Linguistically, the Jicarila Apache's belong to the Athabaskan language family. The white man believe that the Athabaskans trickled down from Canada around 1300 A.D. Included in this language group are the Navajo (Dine') Indians. Other Apache tribes today consist of, the Lipan, the Kiowa, the Mescalero, the Chiricahua, and the Western Apache.

Photo: Jicarilla Apache Encampment 1900's, Gojiiya Feast held in September.
Unidentified Jicarilla Apache potter.

Photo:  From the 1920's

Micaceaous water storage pot to the left of the lady with a tin cup on top.
There are two groups of Jicarilla Apache's: the Olleros or the "potters" and the Llaneros or the "plainsmens". These terms came from the Spanish who first arrived in the region in 1540 A.D.

While Jicarilla Apache basketry stood out, as witnessed by the name "Jicarilla", pottery also impressed the earlier Spanish, who dubbed some of the apache people that lived near or in the mountains, "Ollero", meaning potters.

Like our Pueblo neighbors who are more widely known for their use of mica clay, the Jicarilla in Northern New Mexico made our cooking ware from the land's unique deposits of mica filled soil. Micas's special heat-retentive qualities make this clay particularly efficient for cooking.

Photo: Jicarilla Apache Encampment 1900's, Gojiiya
The making of pottery by Jicarilla Apache people goes back to prehistoric times prior to the coming of the Spanish into the Southwest. Throughout our aboriginal ranges, of North Eastern N.M., Southeastern Colorado, West Kansas, and the Western Panhandle of Oklahoma.

Photo: Jicarilla Apache Encampment, 1900's Dulce rock in the back ground.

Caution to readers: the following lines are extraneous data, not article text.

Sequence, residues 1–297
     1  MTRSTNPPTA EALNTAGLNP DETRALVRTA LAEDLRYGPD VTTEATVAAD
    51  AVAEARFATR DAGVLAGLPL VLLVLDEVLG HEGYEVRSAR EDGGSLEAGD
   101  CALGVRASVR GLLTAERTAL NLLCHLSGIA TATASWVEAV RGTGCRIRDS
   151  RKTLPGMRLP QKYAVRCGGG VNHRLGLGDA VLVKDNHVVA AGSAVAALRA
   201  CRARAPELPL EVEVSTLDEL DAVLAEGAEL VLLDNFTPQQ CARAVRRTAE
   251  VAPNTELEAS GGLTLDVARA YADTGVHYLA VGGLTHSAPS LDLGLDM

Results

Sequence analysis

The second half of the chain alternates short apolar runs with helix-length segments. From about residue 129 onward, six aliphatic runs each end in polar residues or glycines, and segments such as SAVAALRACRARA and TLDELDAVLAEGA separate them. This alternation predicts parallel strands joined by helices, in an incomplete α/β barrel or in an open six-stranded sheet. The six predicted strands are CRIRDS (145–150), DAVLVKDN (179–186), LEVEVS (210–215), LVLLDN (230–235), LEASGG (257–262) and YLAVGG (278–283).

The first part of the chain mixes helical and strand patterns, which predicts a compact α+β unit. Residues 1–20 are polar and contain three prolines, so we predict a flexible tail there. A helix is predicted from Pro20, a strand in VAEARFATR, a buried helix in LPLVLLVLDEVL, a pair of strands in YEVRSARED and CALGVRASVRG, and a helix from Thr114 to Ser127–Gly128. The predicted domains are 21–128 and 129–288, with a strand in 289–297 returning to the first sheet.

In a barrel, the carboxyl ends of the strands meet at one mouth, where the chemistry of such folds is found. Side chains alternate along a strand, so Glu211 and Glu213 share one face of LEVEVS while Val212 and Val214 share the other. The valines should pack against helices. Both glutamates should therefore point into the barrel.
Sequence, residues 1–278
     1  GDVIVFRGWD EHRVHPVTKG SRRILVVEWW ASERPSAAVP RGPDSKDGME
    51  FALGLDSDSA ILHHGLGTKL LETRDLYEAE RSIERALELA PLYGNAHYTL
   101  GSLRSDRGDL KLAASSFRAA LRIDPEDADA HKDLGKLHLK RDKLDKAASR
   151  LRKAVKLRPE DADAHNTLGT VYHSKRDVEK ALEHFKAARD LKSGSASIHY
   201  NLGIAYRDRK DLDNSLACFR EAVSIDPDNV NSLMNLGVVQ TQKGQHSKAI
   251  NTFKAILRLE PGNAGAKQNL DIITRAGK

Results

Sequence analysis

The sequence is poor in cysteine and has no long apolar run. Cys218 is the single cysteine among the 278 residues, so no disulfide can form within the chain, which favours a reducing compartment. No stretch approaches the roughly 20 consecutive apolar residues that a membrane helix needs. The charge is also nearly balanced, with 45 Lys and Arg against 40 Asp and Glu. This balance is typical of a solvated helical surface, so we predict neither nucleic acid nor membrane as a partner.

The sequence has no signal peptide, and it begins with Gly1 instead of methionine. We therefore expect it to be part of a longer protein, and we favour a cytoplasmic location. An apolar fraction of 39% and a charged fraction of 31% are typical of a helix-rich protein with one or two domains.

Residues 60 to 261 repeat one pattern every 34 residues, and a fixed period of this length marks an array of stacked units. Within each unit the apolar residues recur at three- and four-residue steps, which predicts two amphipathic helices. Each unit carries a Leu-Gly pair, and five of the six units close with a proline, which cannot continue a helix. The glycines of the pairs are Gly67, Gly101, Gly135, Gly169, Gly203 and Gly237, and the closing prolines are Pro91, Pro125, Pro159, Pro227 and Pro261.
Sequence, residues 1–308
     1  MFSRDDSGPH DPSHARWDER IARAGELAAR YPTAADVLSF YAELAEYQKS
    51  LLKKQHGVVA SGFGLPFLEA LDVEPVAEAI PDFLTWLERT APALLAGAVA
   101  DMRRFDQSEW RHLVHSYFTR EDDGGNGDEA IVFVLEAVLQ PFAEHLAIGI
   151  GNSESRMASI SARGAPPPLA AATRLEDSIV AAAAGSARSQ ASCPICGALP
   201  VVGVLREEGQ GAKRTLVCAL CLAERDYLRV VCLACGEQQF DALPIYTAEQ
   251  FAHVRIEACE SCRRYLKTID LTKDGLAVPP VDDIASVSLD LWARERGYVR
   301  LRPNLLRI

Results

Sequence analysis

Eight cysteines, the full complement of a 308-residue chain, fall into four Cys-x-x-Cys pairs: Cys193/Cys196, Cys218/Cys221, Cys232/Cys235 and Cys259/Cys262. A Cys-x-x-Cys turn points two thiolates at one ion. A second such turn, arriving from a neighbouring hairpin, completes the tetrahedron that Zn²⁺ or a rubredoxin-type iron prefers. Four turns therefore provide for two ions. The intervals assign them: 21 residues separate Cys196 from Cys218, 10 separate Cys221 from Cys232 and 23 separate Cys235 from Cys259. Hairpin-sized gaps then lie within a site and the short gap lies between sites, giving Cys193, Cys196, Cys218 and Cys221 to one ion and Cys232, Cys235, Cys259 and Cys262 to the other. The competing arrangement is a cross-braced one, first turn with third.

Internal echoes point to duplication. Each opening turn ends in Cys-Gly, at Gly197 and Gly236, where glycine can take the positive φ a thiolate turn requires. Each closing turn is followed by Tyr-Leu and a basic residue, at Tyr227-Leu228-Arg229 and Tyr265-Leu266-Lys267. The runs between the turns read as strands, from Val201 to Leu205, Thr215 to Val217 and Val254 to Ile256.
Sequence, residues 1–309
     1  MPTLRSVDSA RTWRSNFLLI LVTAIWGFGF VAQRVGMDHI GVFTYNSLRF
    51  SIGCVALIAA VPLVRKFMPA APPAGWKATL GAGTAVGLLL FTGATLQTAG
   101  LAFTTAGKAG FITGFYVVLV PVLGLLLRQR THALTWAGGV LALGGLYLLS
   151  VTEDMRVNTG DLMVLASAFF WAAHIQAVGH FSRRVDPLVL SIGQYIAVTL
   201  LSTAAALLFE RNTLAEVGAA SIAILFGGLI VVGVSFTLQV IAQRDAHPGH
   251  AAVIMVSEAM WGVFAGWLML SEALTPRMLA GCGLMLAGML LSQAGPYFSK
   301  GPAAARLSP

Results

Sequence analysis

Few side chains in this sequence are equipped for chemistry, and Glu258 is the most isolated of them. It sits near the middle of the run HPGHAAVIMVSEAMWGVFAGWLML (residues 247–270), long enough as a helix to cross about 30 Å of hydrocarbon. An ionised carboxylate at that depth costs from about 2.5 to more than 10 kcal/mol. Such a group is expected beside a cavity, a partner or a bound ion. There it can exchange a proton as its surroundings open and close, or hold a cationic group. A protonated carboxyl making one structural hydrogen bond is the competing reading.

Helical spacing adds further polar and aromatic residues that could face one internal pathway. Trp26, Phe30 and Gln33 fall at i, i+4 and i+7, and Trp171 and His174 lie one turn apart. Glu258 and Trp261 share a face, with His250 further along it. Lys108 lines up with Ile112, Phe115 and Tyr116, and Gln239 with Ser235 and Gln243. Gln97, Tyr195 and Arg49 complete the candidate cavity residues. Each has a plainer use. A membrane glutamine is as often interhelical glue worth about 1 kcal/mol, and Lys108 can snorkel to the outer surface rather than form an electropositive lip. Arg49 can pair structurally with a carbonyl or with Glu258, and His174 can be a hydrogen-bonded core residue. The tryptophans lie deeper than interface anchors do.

The last person to to make micaceous pottery in my family was my great, great, grandmother, "O' Ha Montoya". She was born a "free" nomadic Jicarilla Apache, living on the plains and mountains in the area of Cimmaron, N.M. Eventually She along with other Jicarillas were forced to settle on our present reservation.

As a child I was always attracted to the old blacken used micaceous vessels stored in my grandmother's curio cabinet. The mica flecks were pretty and shiny. At that time my grandmother could only remember her grandmother making pottery. No one in our family knew how to make pottery anymore. I had a calling at age 13 and was determined to make pottery. By chance I got a summer youth job working at the old Cultural Resource Center in Dulce. I learned how to make micaceous pottery from Mrs. Lydia Pesata a well known Jicarilla Traditonal Artist, and with guidance from Felipe Ortega, who is also a well known Micaceous Potter of Jicarilla decent.

Photo: My great, great, grandmother O' Ha Montoya and her husband Meridan Vicenti. Photograph was taken in the 1950's, O'Ha lived to be around 100, until her death in the early 1960's .
My grandmother the late Thelma Velarde holding her grandmother's (O'ha) pottery, and myself with some large Micaceous Pottery.
Jicarilla Apache Reservation, Dulce, New Mexico
Jicarilla Apache Reservation, Archuleta Mesa and San Juan Mountains
In the beginning many people I encountered at shows made the indistinguishable statements like, " I didn't know Apaches made pottery." and " it looks like Taos and Picuris". I constantly and patiently educated the onlookers about our history of pottery making.
Raw micaceous clay.
Sifting the water sludge in to screens.
In the summer months I like to teach fellow Jicarilla Apaches how to make pottery. We are digging the clay.
Preparing to make a pottery.
Sanding dried pottery with sandstones and sandpaper.
Hand coiling method.
The firing process. Cedar or pine wood is used.

Living in the northern N.M. mountains, I have to fire my pottery in the dead of winter with few problems.

"Wall of Pots" , ASU Museum, Tucson, AZ.
The friendship pottery, made by Shelden, is in the permanent collection " Wall of Pots", ASU Museum, Tucson, AZ
The next generation of Jicarilla Apache potters.
My talented Nephew. Mr. Emanuel Vigil, Pictured here on his first pottery debut at the 2007 Santa Fe Indian Market, age 9. He sold out the first day.
My beautiful Cousin. The reigning 2008/2009 Miss Jicarilla Apache, Ashley Leah Julian. Ashley has been making pottery since she was the age of 8. I hope she continues making pottery in the future.

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